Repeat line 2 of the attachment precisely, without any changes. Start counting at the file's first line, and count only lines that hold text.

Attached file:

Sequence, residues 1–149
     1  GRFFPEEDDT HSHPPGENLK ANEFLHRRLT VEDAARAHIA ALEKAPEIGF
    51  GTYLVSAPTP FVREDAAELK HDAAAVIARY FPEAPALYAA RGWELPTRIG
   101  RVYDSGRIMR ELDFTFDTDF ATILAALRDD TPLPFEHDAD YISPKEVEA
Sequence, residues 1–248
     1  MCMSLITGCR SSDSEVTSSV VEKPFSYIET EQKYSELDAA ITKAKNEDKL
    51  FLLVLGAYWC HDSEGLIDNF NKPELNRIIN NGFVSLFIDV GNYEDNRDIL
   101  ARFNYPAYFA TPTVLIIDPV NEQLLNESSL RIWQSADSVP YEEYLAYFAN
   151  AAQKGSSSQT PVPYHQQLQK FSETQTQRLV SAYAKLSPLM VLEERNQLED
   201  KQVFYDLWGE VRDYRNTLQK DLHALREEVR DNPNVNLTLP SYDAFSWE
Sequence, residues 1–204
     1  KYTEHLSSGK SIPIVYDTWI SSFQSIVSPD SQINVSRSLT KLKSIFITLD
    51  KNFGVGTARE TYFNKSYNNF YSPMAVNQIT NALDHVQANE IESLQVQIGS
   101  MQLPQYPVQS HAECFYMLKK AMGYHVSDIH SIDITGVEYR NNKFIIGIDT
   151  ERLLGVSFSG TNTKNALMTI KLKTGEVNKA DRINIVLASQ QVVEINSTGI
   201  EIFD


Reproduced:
     1  GRFFPEEDDT HSHPPGENLK ANEFLHRRLT VEDAARAHIA ALEKAPEIGF